almost perfect ( 99 20% ) when people are shown the original images (red line). Showing a tighter cropped version of the images (blue line) drops their accuracy to 97 53% due to the lack of context available. The green line shows that even with an inverse crop, i.e ., when only the context is shown, humans still perform amazingly well, at 94 27% . This highlights the strong context cues available on the LFW data set. All of our methods mask out the background to avoid using this information. respectively. Each of our methods out-performs all previ- ous methods. Our highest performance is with

the hybrid method, which achieves a 31 68% drop in error rates from the previous state-of-the-art. 4.2. Human Performance on LFW While many algorithms for automatic face verification have been designed and evaluated on LFW, there are no pub- lished results about how well people perform on this bench- mark. Furthermore, it is unknown what characteristics of the data set might make it easier or harder to perform the verification task. To this end, we conducted several exper- iments on human verification. To obtain this data, we fol- lowed the procedure of [ 27 ], but on Amazon

Mechanical Turk, averaging the replies of 10 different users per pair to get smoothed estimates of average human performance. Thus, for the 6,000 image pairs in LFW, we gathered 60,000 data points from users for each of the three tests described below (for a total of 240,000 user decisions). To create an ROC curve for the results, the users were asked to rate their confidence in labeling each pair of images as belonging to the same person or not. Our face detector [ 26 ] was unable to detect one or more faces in 53 of the 6,000 total pairs. For these, we assumed average performance.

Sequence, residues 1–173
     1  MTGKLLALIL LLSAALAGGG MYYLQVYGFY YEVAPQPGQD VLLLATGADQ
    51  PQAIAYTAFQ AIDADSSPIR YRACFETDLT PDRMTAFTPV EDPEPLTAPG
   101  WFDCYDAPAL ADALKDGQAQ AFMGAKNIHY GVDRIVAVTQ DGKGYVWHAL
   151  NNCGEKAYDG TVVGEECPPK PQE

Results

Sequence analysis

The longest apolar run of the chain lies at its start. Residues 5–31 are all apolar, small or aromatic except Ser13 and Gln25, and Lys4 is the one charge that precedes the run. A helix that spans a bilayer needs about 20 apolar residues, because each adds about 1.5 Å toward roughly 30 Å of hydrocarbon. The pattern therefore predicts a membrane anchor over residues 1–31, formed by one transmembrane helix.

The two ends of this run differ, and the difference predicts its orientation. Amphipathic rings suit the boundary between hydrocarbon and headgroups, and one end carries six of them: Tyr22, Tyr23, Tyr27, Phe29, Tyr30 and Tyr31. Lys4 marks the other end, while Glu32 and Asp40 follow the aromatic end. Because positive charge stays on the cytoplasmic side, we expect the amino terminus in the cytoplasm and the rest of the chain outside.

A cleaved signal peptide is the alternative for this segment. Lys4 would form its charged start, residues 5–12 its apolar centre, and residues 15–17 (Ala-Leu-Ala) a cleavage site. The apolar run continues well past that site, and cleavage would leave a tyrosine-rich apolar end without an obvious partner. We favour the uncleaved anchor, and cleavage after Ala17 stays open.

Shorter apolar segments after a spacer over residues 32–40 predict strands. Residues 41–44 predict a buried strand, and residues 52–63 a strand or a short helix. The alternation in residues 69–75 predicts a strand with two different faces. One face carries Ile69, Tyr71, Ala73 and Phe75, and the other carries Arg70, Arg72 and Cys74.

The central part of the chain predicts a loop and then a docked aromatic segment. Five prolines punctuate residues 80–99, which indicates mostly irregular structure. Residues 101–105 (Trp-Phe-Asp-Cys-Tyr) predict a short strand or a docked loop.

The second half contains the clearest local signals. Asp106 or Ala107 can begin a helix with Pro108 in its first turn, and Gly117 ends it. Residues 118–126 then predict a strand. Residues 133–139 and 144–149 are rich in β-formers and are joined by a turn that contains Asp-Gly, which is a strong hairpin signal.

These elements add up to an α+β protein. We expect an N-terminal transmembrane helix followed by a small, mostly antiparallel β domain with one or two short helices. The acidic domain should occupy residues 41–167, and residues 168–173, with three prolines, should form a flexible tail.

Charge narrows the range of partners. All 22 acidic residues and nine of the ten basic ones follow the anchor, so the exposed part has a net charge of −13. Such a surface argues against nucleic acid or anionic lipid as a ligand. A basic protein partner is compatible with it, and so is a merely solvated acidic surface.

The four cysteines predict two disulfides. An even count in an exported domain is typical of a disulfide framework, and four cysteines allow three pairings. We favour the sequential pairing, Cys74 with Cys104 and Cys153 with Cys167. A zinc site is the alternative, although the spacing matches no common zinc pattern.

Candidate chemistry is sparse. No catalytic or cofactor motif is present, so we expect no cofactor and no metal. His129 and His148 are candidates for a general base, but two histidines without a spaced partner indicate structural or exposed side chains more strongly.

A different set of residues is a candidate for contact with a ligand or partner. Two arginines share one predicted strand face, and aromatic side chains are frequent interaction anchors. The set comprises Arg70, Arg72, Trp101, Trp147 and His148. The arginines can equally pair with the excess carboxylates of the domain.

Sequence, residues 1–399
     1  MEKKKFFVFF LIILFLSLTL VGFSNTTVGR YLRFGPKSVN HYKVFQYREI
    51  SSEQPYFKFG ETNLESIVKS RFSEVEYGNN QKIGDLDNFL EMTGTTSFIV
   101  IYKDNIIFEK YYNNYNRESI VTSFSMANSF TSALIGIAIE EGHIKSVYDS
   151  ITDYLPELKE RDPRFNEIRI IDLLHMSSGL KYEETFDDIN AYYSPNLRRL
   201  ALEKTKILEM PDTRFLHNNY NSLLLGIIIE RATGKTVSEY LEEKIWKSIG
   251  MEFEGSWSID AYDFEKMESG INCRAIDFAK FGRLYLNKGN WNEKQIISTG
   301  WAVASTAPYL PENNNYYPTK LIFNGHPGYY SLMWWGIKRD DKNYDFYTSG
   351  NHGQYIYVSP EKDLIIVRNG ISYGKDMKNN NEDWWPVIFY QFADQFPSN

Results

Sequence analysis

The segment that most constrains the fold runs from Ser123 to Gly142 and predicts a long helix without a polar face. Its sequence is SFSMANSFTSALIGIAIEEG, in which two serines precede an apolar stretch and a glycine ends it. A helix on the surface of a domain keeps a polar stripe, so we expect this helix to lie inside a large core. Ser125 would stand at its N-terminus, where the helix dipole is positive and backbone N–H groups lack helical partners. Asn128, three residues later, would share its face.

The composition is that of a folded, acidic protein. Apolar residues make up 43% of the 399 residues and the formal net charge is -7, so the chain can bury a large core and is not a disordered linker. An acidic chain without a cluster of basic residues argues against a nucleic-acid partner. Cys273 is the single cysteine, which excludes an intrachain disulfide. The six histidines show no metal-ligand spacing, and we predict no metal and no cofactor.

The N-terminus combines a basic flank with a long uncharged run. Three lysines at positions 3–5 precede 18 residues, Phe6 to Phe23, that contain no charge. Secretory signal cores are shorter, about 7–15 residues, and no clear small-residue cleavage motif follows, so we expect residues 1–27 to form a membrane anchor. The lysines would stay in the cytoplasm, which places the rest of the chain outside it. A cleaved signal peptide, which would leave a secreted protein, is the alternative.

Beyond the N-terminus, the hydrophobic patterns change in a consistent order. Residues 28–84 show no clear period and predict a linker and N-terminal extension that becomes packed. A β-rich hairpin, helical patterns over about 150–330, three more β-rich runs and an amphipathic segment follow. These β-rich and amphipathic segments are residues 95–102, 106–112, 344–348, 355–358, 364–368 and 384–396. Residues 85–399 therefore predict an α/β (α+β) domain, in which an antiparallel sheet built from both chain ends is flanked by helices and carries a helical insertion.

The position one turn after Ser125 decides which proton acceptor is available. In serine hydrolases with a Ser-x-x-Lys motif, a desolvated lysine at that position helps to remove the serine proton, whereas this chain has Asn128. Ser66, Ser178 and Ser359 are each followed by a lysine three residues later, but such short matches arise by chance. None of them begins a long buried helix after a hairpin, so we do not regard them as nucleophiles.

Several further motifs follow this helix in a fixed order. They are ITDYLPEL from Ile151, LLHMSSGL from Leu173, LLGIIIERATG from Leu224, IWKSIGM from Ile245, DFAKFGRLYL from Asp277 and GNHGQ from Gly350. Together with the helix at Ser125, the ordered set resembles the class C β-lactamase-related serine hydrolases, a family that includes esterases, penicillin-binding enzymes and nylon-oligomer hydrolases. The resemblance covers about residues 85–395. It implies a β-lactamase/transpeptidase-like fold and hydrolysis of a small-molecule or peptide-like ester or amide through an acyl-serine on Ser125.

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Figure 7: The PubFig Data Set: We show example images for the 140 people used for verification tests on the PubFig bench- mark. Below each image is the total number of face images for that person in the entire data set. We first performed a test using the original LFW images. The results are shown in red in Figure 6 . At 99 20% accu- racy, people are essentially perfect on this task. We now look at tougher variants of this test. The first variant is to crop the images tightly around the face. We do this by blacking out most of the image, leaving only the face

visible (including at least the eyes, nose and mouth, and possibly parts of the hair, ears, and neck). This test measures how much people are helped by the context (sports shot, interview, press conference, etc .), background (some images of individuals were taken with the same back- ground), and hair (although sometimes it is partially visi- ble). The results are shown in blue in Figure 6 . Performance drops quite a bit to 97 53% – a tripling of the error rate. To confirm that the region outside of the face is indeed helping people with identification, we ran a second test where

the mask was inverted i.e ., we blacked out the face but showed the remaining part of the image. Astonishingly, people still obtain 94 27% accuracy, as shown by the green line in Figure 6 . These results suggest that automatic face verification algorithms should not use regions outside of the face, as they could artificially boost accuracy in a manner not applicable on real data. (In all experiments involving the attribute and simile classifiers, we only used features from the face region, masking out the rest of the image.) 4.3. PubFig Data Set As a complement to the LFW

data set, we have created a data set of images of public figures, named PubFig. This Figure 8: Face Verification Results on PubFig: Our perfor- mance on the entire benchmark set of 20,000 pairs using attribute classifiers is shown in black. Performance on the pose, illumina- tion, and expression subsets of the benchmark are shown in red, blue, and green, respectively. For each subset, the solid lines show results for the “easy” case (frontal pose/lighting or neutral expres- sion), and dashed lines show results for the “difficult” case (non- frontal pose/lighting,

non-neutral expression). data set consists of 60,000 images of 200 people. The larger number of images per person (as compared to LFW) allows us to construct subsets of the data across different poses, lighting conditions, and expressions, while still maintaining a sufficiently large number of images within each set. Fur- ther, this data set is well-suited for recognition experiments, an avenue we wish to pursue in future work. Images in the data set were downloaded from the inter- net using the person’s name as the search query on a variety of image search engines, such as Google Images